Séminaire de Claire DUFOUR (Harvard University)



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Le vendredi 26 octobre 2018 à 13h00, salle de conférences de l'OSUR, bâtiment 14b, Campus de Beaulieu, UR1

Le vendredi 26 octobre 2018 à 13h00, salle de conférences de l'OSUR, bâtiment 14b, Campus de Beaulieu, UR1

Interaction between ecological and agonistic character displacements in Anolis lizard: a new avenue in interspecific competition research

Abstract: Invasive species are a global scourge. Nonetheless, they provide the appropriate evolutionary setting to rigorously test the role that interspecific competition plays in species evolution. The introduction of Anolis cristatellus to Dominica, a Caribbean island where Anolis oculatus—a closely related native species—occurs, offers a rare opportunity to study the coexistence processes at fine spatial and temporal scales. With an empirical approach in the field, we considered simultaneously the role of resource-use and interference competitions in the evolution of ecological, behavioral, morphological and performance traits by comparing populations in area where the species are present either alone (allopatry) or co-occur (sympatry). We revealed the presence of a two-step ecological character displacement: in sympatry, habitat divergence occurred rapidly but was associated with morphological divergence only after decade(s) of coexistence (Dufour, Herrel & Losos, 2017). In areas where the two species came into contact only few years ago, we then demonstrated a communication behavioral shift in the invasive species related to indirect or direct competition (Dufour, Herrel & Losos, 2018). Finally, thanks to realistic lizard robots, we simulated interference competition in natura and determined the presence of a rapid agonistic character displacement in display behavior of the native species. Evolutionary biologists have often considered behavior as an inhibitor of evolutionary change. This study demonstrates, however, that behavioral change may directly alter selective pressures as being a first response to recent interspecific competition and highlights its importance in understanding species invasion in action.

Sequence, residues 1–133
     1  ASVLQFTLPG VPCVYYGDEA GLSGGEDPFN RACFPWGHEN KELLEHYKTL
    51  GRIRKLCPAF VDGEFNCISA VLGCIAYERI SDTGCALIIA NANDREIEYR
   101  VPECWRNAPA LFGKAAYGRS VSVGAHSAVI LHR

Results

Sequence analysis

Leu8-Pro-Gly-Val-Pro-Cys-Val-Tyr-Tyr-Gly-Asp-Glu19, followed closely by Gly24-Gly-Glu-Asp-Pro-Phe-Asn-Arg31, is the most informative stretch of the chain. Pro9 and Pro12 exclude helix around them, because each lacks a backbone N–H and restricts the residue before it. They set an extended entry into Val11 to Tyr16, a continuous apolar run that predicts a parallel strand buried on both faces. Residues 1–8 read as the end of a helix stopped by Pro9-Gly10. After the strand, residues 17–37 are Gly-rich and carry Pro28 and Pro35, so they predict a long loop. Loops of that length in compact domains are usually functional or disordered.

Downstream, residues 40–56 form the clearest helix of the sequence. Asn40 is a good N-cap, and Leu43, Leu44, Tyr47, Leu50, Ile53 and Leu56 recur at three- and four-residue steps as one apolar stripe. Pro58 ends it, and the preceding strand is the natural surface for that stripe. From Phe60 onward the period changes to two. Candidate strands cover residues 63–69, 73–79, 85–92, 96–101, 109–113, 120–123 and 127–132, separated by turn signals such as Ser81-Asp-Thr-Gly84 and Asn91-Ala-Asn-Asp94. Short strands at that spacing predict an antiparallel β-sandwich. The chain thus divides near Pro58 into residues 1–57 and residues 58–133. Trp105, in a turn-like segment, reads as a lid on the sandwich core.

Contact: Claire DUFOUR





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